For people who had just started doing their research, the various shapes that diamonds can be cut into is probably one of the first few concepts you would come across. Upon delving deeper, you will soon realize that the core of the various cutting styles stem from the same roots.
Did you know that a large number of modern fancy shapes are actually based on the full round cut brilliant? In fact, many branded diamonds like the Leo Diamond, Zale’s Celebration, Gassan 121 and Wylde Flower Diamond are created by making modifications to the facet structure of traditional round brilliant cuts. For a technically correct label for these stones, grading labs like GIA and AGS use the term modified round brilliant cut to depict such stones.
Are modified cuts more brilliant and sparkly?
In today’s market, the brilliant cut is the most dominant cutting style found in diamonds. Nothing proves that better than the fact that the two most popular shapes (round and princess) are brilliant cuts themselves.
The modern brilliant cut has been perfected with the aid of mathematical and empirical data since Marcel Tolkowsky’s days. Today, the proportions for brilliant cuts have been optimized so they yielded diamonds with maximum brilliance and fire.
When inspected under a special viewer, a perfectly aligned round brilliant cut displayed patterns reminiscent of arrows when seen from the top and of hearts when seen from the bottom. For these reasons, such diamonds are often referred to as “hearts and arrows”.
The traditional brilliant resembles a cone and has 57 tiny surfaces called facets. While the 57 facets style of brilliant cut is the “generic” round diamond you usually see, it is possible for a different look to be achieved by varying the number and orientation of facets.
When it comes to modified brilliant designs, one of my personal picks is the Solasfera diamond. “Sol” is Latin for “sun” and the name Solasfera is rather eloquent. On that note, even the internal facet structure of the stone is reminiscent of perfectly distributed sunbeams.
Technically speaking, a Solasfera diamond has 91 facets or 92 facets when a culet is present at its tip. The company claims that their creation is the “most brilliant” round cut diamond on Earth. And if you had been following my blog long enough, I usually toss such claims out the windows.
However, this case was an exception. The Solasfera really features vivid brilliance and scintillation that makes it well worthy of its name. In terms of craftsmanship, the Light Masters Corporation has set really high standards and quality control into the Solasfera’s cut.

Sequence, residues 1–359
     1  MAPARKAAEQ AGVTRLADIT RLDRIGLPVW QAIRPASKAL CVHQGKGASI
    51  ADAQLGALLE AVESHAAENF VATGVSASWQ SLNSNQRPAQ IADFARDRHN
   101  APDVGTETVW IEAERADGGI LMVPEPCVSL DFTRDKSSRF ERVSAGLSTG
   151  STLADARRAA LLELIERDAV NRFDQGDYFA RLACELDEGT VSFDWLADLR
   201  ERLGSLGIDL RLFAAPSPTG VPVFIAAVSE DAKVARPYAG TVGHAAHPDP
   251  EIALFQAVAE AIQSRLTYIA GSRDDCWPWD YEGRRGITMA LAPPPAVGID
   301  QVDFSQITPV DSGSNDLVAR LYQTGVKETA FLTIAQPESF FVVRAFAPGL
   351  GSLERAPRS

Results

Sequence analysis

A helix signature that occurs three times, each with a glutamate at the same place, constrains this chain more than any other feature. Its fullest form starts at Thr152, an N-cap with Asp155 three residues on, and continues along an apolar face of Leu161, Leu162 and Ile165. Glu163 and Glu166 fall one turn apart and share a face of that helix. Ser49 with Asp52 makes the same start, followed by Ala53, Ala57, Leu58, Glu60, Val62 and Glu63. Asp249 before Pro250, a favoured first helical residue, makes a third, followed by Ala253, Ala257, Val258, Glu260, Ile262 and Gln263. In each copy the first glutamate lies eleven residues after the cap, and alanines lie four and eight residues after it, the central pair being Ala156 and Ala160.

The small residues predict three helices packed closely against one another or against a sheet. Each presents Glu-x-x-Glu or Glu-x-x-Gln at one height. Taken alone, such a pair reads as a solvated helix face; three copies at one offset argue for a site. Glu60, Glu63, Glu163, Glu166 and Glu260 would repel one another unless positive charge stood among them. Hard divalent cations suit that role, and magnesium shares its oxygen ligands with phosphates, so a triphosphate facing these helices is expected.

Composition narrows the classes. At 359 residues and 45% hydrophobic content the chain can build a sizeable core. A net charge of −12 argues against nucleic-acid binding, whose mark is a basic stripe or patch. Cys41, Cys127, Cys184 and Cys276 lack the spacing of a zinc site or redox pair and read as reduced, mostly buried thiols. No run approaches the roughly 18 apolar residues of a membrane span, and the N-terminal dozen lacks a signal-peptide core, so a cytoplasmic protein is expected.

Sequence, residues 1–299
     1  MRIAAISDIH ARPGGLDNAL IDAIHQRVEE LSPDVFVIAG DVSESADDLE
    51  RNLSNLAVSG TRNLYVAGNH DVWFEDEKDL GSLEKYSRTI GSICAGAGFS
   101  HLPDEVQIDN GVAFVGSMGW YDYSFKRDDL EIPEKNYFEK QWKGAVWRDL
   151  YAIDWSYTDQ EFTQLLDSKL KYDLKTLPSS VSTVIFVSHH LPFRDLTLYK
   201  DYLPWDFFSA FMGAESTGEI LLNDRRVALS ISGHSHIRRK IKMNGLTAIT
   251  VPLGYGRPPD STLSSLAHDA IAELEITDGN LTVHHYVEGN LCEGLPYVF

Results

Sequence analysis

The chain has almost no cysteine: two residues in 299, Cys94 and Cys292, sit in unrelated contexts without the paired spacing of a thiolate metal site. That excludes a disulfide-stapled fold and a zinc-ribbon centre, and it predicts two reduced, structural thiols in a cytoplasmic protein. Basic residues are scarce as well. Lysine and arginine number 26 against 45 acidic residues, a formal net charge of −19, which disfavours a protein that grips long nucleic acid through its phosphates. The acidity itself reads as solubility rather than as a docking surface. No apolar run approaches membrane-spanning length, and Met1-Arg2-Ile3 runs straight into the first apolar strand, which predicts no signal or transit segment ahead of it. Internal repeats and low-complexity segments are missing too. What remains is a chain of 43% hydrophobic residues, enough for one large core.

There are a number of other modified round cut diamond shapes apart from Solasfera. The list is endless (most of them are bad anyway) but I would like to mention some notable ones like the Star 129 and Eighternity.
As the name suggests, Star 129 diamonds have 129 facets instead of the “standard” 57 that the standard round has. That’s almost twice as many facets and it is also dubbed as “absolutely the most spectacular diamond on the planet”.
When the polishing of a rough stone is carried out with skilled labor and proper planning, the additional number of facets can yield an increased shine and brilliance. That said, you should not be tricked by the sheer number a diamond has since there are many other modified rounds that don’t appear as aesthetically pleasing to the eye.
Also, unless you are thinking of buying a diamond of least one and a half carat in size, you should probably stick with the standard round cut. The appearance of a Star 129 might come across kitschy if the diamond is not large enough to support all that brilliance.
If you think about it logically, 129 surfaces need to be placed onto the diamond during the cutting process. If you try to divide all that up within the surface area of a small stone, what do you think you would end up with? Well… it will result in 129 super small surfaces. And when light hits on hundreds of this small surface, it can create a very messy (though bright) appearance.
Here’s a blown up view to let you see the finer details of the Star 129. If you are interested to view the stone in HD video, click here for details…
As you can see, the Star 129 wins hands down in spotlighting scenarios. I can honestly say this is almost the maximum brightness and brilliance any diamond can show under this lighting condition. However, I would still prefer the Solasfera over the Star 129 diamond.
It really depends on where the lady works. Chances are, she is more likely to be exposed to diffused lighting conditions (office lighting) most of the time and I personally feel that the Star 129 diamond loses out on the contrast aspect.
Remember, diamond carat weight is a factor that comes into play when you are looking at modified cuts with significantly more facets. When the size of the diamond is small (< 1.5 carats), every individual facet would also be cut relatively smaller and tend to display a chaotic appearance. If you are buying a smaller diamond, my advice is to stick to the traditional round brilliant cut.
Ultimately, it is what you prefer (or the lady prefers) that really matters.